Whenever there is a price increase or decrease, altcoins will go up or down with higher volatility
by AFIQ AZIZ / pic credit: bitcoinist.com
AS BITCOIN’S price rally retreats from historic highs, the strong performance of other cryptocurrencies indicates traders and investors may now be turning to alternative coins (altcoins) for potentially high returns.
CoinDesk Research noted that as of Jan 11, the price for Bitcoin was about 87% of its previous all-time high in December 2017, when the leading cryptocurrency was testing the US$20,000 (RM80,800) mark.
Yet, other crypto units were still far from their highest prices on record.
One possible implication is these tokens may still have potential to head higher amid the latest bit- coin’s bull run, CoinDesk noted.
Bitcoin price had gone south by 18.9% from its all-time high of US$41,940 on Jan 8 to US$33,919 yesterday.
Other six cryptocurrencies or altcoins, sequenced by market capitalisation, only recorded their all-time high the past three years and below.
For instance, etherum — which has a crypto market share of 12.8% after bitcoin — hit an all-time high in January 2018 of US$1,448, compared to US$1,051 as of yesterday.
Tether coin, with 2.6% of market domination, was trading at US$1 now compared to US$1.32 in July 2018.
Ripple, the fourth-biggest currency, is, however, expected to struggle to gain investors’ confidence following the lawsuit by the US Securities and Exchange Commission in December 2020.
Last month, Ripple Labs Inc and two of its executives, who are also significant security holders, allegedly raised over US$1.3 billion through an unregistered, ongoing digital asset securities offering.
Litecoin, cardano and bitcoin cash were trading 62.7%, 75.7% and 87.6% lower compared to their all-time high about three years ago.
CoinGecko COO Bobby Ong said typically, altcoins tend to mirror bitcoin price movement as bitcoin is the reserve currency of cryptocurrencies.
“Many altcoins are traded against bitcoin and the altcoin or bitcoin trading pair ratio is usually closely observed by traders.
“Whenever there is a price increase or decrease, altcoins will go up or down with higher volatility. This is because altcoins usually have less liquidity compared to bitcoin,” he told The Malaysian Reserve (TMR) in a text reply.
Ong said one trend observed is that whenever there is a price increase in bitcoin, altcoins’ price increase will usually “lag” the price action in bitcoin.
He explained the larger market capitalised altcoins will go up first before being followed by the smaller market capitalised altcoins.
“However, when there is a price decrease, altcoins and bitcoin will all go down in unison at the same time,” he added.
For the record, bitcoin has historically been the most dominant digital asset and is often viewed as the “reserve currency” of the digital asset world.
For instance, even when the price of crypto units crashed in 2018, bitcoin managed to perform better as a store-of-value against smaller altcoins, many of which have lost most of their value and never recovered, said Luno Malaysia Sdn Bhd country manager Aaron Tang.
“One of the factors around this relationship is that large positive bitcoin price movements attract a lot of attention — particularly among retail investors.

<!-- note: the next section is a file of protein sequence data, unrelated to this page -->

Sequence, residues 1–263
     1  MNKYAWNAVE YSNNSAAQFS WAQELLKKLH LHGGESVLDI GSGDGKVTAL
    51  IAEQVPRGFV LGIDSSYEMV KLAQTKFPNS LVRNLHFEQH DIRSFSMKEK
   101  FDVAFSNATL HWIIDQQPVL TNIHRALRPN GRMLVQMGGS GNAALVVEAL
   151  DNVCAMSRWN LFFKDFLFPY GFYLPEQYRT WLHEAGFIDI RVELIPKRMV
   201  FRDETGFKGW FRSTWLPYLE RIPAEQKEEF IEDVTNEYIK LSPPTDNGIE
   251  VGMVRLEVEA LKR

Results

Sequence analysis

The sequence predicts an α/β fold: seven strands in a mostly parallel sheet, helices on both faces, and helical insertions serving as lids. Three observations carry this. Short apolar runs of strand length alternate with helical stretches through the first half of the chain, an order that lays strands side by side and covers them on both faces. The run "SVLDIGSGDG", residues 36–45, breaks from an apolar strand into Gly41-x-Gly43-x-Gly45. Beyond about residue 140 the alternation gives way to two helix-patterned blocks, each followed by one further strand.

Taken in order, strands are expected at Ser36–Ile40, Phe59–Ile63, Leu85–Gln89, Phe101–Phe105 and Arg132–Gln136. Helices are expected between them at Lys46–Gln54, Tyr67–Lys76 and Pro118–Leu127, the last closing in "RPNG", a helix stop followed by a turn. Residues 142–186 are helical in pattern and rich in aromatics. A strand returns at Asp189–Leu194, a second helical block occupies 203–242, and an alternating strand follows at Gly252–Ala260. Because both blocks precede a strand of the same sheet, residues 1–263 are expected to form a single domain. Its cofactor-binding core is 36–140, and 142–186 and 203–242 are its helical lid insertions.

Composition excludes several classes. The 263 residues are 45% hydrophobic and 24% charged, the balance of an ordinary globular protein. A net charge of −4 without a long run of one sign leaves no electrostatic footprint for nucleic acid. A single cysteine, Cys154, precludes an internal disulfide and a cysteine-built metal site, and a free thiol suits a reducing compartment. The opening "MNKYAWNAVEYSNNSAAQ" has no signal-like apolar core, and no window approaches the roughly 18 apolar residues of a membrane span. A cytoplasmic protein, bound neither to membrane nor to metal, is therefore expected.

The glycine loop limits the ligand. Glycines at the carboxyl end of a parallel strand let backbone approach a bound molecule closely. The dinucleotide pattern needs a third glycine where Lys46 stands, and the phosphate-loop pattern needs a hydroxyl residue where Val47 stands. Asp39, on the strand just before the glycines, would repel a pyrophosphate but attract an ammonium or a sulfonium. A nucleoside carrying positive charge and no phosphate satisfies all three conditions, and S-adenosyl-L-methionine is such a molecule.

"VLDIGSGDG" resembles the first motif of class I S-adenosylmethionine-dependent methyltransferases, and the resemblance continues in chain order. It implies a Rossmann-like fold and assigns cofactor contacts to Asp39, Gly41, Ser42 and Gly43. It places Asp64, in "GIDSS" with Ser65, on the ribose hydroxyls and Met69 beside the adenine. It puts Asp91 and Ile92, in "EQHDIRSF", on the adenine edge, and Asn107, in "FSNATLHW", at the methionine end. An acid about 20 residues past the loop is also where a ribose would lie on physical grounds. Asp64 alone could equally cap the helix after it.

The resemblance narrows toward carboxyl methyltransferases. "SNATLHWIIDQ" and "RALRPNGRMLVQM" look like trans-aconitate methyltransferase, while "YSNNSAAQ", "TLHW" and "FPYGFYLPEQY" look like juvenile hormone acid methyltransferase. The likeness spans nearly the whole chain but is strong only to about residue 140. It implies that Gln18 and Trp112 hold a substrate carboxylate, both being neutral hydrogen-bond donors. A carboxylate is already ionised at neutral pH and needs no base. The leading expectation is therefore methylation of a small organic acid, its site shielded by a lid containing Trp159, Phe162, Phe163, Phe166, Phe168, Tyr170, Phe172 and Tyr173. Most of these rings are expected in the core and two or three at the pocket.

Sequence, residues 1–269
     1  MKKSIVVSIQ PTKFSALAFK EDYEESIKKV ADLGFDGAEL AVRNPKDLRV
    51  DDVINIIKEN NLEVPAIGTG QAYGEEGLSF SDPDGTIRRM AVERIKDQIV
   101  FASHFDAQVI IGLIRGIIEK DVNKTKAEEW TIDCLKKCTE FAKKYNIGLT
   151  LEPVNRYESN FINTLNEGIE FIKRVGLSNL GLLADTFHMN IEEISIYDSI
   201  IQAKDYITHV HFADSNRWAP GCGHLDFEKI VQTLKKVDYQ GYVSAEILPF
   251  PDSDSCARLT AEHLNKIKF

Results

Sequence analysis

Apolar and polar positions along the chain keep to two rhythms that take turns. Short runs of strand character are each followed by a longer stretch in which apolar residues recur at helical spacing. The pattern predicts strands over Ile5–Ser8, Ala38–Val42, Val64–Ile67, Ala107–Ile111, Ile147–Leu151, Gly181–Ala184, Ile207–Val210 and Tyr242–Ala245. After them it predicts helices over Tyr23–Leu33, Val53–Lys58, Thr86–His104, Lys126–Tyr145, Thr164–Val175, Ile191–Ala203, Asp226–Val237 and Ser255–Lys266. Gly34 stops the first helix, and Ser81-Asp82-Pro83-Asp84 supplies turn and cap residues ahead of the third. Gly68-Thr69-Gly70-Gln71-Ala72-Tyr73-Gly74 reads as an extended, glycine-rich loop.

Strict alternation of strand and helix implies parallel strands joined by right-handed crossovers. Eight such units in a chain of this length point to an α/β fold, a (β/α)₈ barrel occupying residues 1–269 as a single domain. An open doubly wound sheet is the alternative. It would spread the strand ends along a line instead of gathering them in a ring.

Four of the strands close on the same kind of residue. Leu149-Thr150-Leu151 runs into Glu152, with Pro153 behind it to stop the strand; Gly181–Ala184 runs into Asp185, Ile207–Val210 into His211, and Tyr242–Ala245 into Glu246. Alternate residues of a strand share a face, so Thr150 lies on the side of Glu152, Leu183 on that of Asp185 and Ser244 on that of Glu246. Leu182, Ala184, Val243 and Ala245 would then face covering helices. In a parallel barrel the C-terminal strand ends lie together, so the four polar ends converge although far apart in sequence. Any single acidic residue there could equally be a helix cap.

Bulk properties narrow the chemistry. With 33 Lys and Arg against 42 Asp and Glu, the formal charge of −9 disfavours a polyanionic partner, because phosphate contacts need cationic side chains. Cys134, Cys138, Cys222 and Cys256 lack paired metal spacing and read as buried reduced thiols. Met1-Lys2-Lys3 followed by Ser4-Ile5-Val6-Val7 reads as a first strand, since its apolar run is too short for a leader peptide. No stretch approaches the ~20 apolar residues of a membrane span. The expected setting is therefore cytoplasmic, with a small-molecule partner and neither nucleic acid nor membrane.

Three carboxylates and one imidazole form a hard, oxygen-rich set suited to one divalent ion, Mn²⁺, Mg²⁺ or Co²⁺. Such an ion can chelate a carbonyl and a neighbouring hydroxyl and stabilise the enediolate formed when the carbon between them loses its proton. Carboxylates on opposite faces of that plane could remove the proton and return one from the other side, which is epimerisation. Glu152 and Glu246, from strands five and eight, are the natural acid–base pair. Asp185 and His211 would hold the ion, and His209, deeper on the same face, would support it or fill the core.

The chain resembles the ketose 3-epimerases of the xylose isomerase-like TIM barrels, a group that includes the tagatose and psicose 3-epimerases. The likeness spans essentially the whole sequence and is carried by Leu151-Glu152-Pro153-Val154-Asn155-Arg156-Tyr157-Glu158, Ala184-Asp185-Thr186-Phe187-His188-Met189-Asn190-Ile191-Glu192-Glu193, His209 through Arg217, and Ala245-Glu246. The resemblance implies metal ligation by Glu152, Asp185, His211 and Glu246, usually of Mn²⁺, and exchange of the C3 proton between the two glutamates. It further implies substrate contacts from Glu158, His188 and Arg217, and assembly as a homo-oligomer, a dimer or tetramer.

“However, many new investors may be intimidated by what seems to be an extremely ‘high’ bitcoin price.
“This often leads to investors deciding to invest in other digital assets (ie altcoins), which may be perceived to be cheaper and have more potential,” he told TMR in an email.
“Note that this is a common perception among investors, and may not actually be true,” Tang explained.
Additionally, Tang said it has been suggested large bitcoin price movements allow long-term investors to take profits, who then diversify some of their gains into altcoins which they believe are promising.
“There have been altcoins that have performed spectacularly. For example, in the DeFi boom of 2020, some of the DeFi-related altcoins went up by more than 100 times.
“Some factors that influence altcoin prices include the technology behind the altcoin, the team and marketing efforts.
“But of course, market acceptance is the ultimate test: If the altcoin does not find much demand and use among the crypto community, its price will not do well,” Tang added.
DeFi, an acronym for decentralised finance — is an umbrella term for a variety of financial applications in cryptocurrency or blockchain geared toward disrupting financial intermediaries.
Most applications called themselves “DeFi” are built on top of ethereum, the world’s second-largest cryptocurrency platform, which sets itself apart from the bitcoin platform in that it’s easier to use to build other types of decentralised applications beyond simple transactions.
In February last year, the total value locked in DeFi applications exceeded US$1 billion for the first time. By late October, it had hit US$12 billion.
The industry attributed the growth to the increasing willingness of traders to speculate on this nascent and largely experimental sector.
But activity in DeFi is now showing signs of slowing down, with the volume on decentralised exchanges starting to drop off.
Tang noted that investing in altcoins comes with high risk and high volatility — even more so than investing in established digital assets like bitcoin.
The Securities Commission Malaysia has currently only approved four digital assets for trading, which are bitcoin, ethereum, litecoin and ripple.
“For investors who are new to the space, we would recommend them to start learning about bitcoin first, as it is the oldest and most established of all digital assets,” Tang concluded.